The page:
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Southgate Surgery Good Also known as Southgate Medical Group

Reports


Review carried out on 16 October 2019

During an annual regulatory review

We reviewed the information available to us about Southgate Surgery on 16 October 2019. We did not find evidence of significant changes to the quality of service being provided since the last inspection. As a result, we decided not to inspect the surgery at this time. We will continue to monitor this information about this service throughout the year and may inspect the surgery when we see evidence of potential changes.

Inspection carried out on 18 September 2018to 18 September 2018

During an inspection to make sure that the improvements required had been made

This practice is rated as Good overall. (Previous rating May 2018 – Good)

The key questions at this inspection are rated as:

Are services safe? – Good

Are services effective? – Good

Are services caring? – Good

Are services responsive? – Good

Are services well-led? - Good

We carried out an announced comprehensive inspection at Southgate Surgery on 21 February 2018. The overall rating for the practice was good. The practice was also rated good for the effective, caring, responsive and well-led domains and all the population groups. However, it was rated as requires improvement for providing safe services. The full comprehensive report on the February 2018 inspection can be found by selecting the ‘all reports’ link for Southgate Surgery on our website at www.cqc.org.uk.

This inspection was an announced focused inspection carried out on 18 September 2018 to confirm that the practice had carried out their plan to meet the legal requirements in relation to the breach in regulations that we identified in our previous inspection on 21 February 2018.

This report covers our findings in relation to those requirements and also additional improvements made since our last inspection.

Overall the practice is now rated as good.

At our inspection of 21 February 2018, we found that:

  • The provider had not ensured that accurate, complete and contemporaneous records were being maintained securely in respect of each service user. In particular: the contemporaneous patient’s records were not always up to date with patient information related to prescription changes.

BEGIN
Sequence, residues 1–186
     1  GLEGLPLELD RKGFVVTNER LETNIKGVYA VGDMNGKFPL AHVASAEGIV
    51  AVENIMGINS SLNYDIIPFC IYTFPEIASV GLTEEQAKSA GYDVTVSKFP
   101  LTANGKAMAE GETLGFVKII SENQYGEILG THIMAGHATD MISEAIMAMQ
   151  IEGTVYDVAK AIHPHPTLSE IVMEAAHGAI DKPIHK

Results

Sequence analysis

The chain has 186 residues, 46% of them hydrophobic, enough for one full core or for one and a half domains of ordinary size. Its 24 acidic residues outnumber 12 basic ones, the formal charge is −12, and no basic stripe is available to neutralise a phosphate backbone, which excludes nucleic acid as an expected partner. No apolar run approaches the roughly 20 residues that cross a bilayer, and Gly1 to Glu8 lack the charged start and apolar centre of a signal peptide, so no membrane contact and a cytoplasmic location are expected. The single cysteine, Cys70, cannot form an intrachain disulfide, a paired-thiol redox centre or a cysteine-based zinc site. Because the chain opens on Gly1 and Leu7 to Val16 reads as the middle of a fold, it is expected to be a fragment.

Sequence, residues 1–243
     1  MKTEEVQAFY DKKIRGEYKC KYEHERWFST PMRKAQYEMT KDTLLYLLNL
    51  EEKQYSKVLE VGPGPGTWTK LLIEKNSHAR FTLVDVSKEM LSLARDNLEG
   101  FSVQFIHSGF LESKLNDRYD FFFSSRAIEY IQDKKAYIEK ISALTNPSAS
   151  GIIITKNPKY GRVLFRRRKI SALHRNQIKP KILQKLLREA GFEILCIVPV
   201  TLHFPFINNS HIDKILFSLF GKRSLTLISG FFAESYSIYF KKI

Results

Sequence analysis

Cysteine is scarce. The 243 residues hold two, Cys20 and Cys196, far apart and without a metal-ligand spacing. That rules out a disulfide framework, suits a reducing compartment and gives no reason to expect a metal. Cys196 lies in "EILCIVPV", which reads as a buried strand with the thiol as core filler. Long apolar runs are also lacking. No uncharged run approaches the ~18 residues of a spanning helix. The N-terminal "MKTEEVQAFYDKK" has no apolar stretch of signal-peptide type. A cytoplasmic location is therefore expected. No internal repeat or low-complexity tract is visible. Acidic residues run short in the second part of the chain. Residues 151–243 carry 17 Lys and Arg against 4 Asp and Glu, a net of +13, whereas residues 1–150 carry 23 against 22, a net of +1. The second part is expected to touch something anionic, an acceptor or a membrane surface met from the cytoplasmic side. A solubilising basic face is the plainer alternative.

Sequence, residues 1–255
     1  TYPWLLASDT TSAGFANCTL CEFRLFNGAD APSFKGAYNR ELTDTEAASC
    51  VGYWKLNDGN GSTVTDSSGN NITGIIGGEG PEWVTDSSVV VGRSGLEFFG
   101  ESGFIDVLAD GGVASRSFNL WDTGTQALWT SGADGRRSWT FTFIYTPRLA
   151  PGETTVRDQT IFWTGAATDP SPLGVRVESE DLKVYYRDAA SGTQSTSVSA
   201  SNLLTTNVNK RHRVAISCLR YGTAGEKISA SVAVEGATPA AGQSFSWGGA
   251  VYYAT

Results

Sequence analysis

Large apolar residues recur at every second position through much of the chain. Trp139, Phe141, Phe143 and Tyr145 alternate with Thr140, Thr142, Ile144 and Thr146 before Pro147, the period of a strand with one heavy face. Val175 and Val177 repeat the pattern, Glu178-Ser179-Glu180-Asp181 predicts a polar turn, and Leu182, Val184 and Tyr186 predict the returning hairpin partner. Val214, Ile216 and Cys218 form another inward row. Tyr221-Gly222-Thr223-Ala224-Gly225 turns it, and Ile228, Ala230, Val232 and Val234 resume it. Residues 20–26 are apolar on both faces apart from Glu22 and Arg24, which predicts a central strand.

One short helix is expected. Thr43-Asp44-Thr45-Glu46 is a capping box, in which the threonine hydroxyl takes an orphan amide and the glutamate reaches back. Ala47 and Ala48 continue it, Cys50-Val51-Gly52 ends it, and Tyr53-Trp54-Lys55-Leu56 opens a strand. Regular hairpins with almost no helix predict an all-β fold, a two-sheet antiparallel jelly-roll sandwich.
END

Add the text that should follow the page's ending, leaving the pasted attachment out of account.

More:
At this inspection our key findings were as follows:

  • The provider had a system for recording and responding to changes made to patient medicine prescriptions by secondary care clinicians. Accurate records were maintained and supporting documentation was scanned into the patient record as soon as practicable.

Additionally we saw that:

  • The provider had a system in place for the collation of responses to Medicines and Healthcare products Regulatory Agency (MHRA) alerts and kept a central record that demonstrated the action taken. These were also discussed at practice meetings.

  • The provider continued to review access to the service via the telephone system. A new suite of messages had been recorded to improve information for callers advising them to call at different times to call for results and general enquiries so that the core early morning hours were free for urgent and appointment booking calls. The practice had worked with the telephone provider to assess peak calling times so that staff could be redeployed as necessary.

  • We were told that further work had been undertaken to provide additional appointments for under-fives. and additional minor illness appointments had been made available with increased capacity in the nursing team.

Professor Steve Field CBE FRCP FFPH FRCGP
Chief Inspector of General Practice

Please refer to the detailed report and the evidence tables for further information.

Inspection carried out on 21 February 2018

During a routine inspection

Southgate Medical Group is rated as good overall. (Previous inspection 25 March 2015 rated as good overall).

The key questions are rated as:

Are services safe? – Requires Improvement

Are services effective? – Good

Are services caring? – Good

Are services responsive? – Good

Are services well-led? – Good

As part of our inspection process, we also look at the quality of care for specific population groups. The population groups are rated as:

Older People – Good

People with long-term conditions – Good

Families, children and young people – Good

Working age people (including those recently retired and students – Good

People whose circumstances may make them vulnerable – Good

People experiencing poor mental health (including people with dementia) - Good

We carried out an announced comprehensive inspection at Southgate Medical Group on 21 February 2018. The inspection was carried out as part of our inspection programme.

At this inspection we found:

  • The practice had clear systems to manage risk so that safety incidents were less likely to happen. When incidents did happen, the practice learned from them and improved their processes.
  • The practice routinely reviewed the effectiveness and appropriateness of the care it provided. It ensured that care and treatment was delivered according to evidence- based guidelines.
  • Patient records we saw were clear and accurate in most instances; however one record did not contain full contemporaneous information used to support decisions made.
  • Staff involved and treated patients with compassion, kindness, dignity and respect.
  • The practice had appropriate facilities and was well equipped to treat patients and meet their needs.
  • Patients said they were able to book an appointment that suited their needs. Pre-bookable, on the day appointments, home visits and phone consultation services were available. However some patients felt it was difficult to get through on the phone and get a pre-bookable appointment.